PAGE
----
Lawrence Welk Gets a Bad Rap
Polkadate May 2020. Hunkered down in the suburbs of Fayetteville. Last month we discussed about the importance of Texas to Lawrence Welk in his early years. We shall now dispel the image of Welk as someone who caused the decline of the popularity of polka music.
Lawrence Welk has long been blamed for the disappearance of polka music in the United States. In the 1960s, his style of music was declared un-hip, un-cool, un-fashionable, un-popular, and square by the media. While all of these un-compliments are accurate from a “how much money can we make off this guy and his champagne music” point of view by the music industry executives; there are always two sides to a story.
Yes, the dramatic drop in sales of the main tool of polka, the accordion, was completely related to the change in direction of popular (pop) music. The keyword is popular, not music. As discussed in previous issues, the style of music favored by the general public changes about every 25 years or every generation. Starting in 1900, dances were very structured musically and were replaced in the 1920s, by the opposite: fast, freeform, frenzied jazz, and big band style (when Lawrence got on board).
In the 1940s, jazz was heading in a different direction and big band was adding multiple female singers and becoming more melodic (just like Lawrence did). Western Swing was becoming more mainstream (pop) and “tears in your beer” music (it was still called Hillbilly) was slowly becoming popular. These last two genres were driven by the guitar starting to come to the front of the stage. The steel guitar took the music one way and the “new” electric guitar took some listeners another way and rockabilly was born. Everyone was still crying in their beer but dancing in different ways. (Lawrence was still playing what brought him to the scene along with a few contemporary songs).
Then some guy named Elvis Presley showed up who sang a Bill Monroe Bluegrass tune with a different rhythm and danced provocatively. After Elvis hit the scene, quickly followed by Jerry Lee Lewis, Carl Perkins, and Johnny Cash, the music scene both rhythmically and categorically was all shook up. Lawrence was still moving on yet staying musically at one speed.
Since we have mentioned Elvis and accordion on the same page; this writer once received a phone call ranting about how Elvis had killed the future of accordion music. Apparently, this gentleman had not listened to Elvis’ version of Wooden Heart which featured Jimmy Haskell playing accordion all over it (thank you, Justin).
Pop music had split along age lines, younger folks followed guitar driven rock and the older folks followed a more mellow sound that was driven by Mitch Miller. In addition to his own recordings and television show ( Sing Along With Mitch and follow the bouncing ball), Miller was the head guy on the Columbia Records label. His label managed Percy Faith, Ray Coniff, Johnny Mathis, Tony Bennett, Doris Day, Dinah Shore, and Jo Stafford, all excellent singers, but somewhat lacking in the excitement that youth record buyers demanded. Miller was so focused that he didn’t think that Elvis, Buddy Holly, and The Beatles would ever make any money for Columbia and passed on signing them (they were mostly crooners, not Lawrence’s dance music that he kept playing).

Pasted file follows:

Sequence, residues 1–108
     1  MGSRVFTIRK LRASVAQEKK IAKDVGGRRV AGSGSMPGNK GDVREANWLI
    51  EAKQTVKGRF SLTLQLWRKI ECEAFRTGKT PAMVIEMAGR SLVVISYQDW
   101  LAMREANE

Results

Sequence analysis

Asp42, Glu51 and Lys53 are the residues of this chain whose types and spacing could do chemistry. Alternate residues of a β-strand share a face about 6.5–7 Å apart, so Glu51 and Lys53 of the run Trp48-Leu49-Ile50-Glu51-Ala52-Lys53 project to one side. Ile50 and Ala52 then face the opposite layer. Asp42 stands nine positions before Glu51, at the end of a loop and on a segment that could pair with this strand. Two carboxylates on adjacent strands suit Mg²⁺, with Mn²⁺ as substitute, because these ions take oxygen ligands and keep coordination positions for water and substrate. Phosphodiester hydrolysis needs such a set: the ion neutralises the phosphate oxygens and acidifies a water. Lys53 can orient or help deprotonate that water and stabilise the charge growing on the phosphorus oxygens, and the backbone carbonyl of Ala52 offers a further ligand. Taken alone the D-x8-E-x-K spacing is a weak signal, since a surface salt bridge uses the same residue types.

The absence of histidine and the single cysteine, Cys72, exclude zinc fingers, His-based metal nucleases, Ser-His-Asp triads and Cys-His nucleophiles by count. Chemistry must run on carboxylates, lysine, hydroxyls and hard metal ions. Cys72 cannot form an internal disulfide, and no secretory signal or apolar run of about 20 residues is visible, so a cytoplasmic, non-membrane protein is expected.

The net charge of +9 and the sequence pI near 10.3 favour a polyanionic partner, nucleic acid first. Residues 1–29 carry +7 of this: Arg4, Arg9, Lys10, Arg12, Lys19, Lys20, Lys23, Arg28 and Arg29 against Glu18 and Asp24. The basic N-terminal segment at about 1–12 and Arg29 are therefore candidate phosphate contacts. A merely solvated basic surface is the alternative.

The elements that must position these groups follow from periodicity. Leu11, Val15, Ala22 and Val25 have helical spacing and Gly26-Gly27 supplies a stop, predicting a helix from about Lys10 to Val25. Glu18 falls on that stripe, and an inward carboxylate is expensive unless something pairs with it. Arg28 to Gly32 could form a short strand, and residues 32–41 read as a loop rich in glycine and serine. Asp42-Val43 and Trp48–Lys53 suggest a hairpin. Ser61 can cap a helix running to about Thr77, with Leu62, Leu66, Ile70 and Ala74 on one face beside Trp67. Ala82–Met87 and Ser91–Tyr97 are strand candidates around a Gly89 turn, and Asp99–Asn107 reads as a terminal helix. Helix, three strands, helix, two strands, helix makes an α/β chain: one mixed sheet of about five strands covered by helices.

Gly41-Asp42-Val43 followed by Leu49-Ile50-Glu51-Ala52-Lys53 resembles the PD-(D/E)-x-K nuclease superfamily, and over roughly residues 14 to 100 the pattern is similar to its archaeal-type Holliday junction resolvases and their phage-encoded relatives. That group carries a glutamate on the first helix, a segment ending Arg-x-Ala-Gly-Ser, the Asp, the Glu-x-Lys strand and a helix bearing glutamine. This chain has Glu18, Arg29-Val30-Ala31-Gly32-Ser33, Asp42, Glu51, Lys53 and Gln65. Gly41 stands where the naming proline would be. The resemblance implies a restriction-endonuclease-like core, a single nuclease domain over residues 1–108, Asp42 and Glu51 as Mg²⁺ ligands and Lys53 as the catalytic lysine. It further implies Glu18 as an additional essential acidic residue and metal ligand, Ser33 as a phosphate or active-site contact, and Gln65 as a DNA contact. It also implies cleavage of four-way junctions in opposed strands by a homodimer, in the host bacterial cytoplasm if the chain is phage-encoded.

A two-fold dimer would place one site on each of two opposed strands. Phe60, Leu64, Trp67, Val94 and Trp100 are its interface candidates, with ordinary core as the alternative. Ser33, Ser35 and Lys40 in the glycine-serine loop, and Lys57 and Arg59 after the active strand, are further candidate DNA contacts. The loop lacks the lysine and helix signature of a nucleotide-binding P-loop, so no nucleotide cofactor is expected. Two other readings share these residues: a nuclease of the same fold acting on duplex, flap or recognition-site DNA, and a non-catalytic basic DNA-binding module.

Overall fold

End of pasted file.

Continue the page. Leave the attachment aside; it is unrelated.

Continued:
As most people age, very few age musically; what they loved and danced to in the prime of their lives was still the best music that was ever made. (Lawrence kept his slowly aging fan base).
CALIFORNIA BECOMES HOME
Last month when we left Lawrence, he had been on the road for over 25 years. Thanks to the movie videos, his name was known in every town in the U.S. that had a movie theater as is was constantly on the screen and in the movie advertisements daily for several years. He was (a) raising a family (b) tired of the yo-yo lifestyle (dictated by the weather) that supported his music lifestyle, and (c) looking to combine the two. Welk achieved this by moving to sunny Southern California.
Seeing how the movie videos helped record sales, he became interested in another new invention - television. In May of 1951, The Lawrence Welk Show began as a four-week program on KTLA in Los Angeles. KTLA was the first commercial television station in California and west of the Mississippi River. Fan response quickly extended the month contract to a 10-year run. The station was owned by Paramount, the movie company that had filmed and distributed his videos.
The show was filmed at the Aragon Ballroom in Santa Monica where Bob Wills and the Texas Playboys were previously the house band. It was on this show that the studio staff, built the iconic bubble machine to simulate champagne bubbles. It worked too well; the musicians began complaining of soapy build-up on their instruments. A new formula was found (Lawrence was open to special effects).
Before we continue; readers are reminded that the Lawrence Welk Show was not a polka show. The typical show had solo and group dancing, solo and group singers, solo musicians, and the whole orchestra was led by Lawrence. The music was hit songs of the times (Welkified), mixed with oldies (1930s-40s), and polkas and waltzes. He played Julida, the Pennsylvania Polka, and other familiar tunes that Texian polka dancers would know. He was inducted into the International Polka Association in 1994. On polkas Lawrence and/or Myron Floren would play the accordion.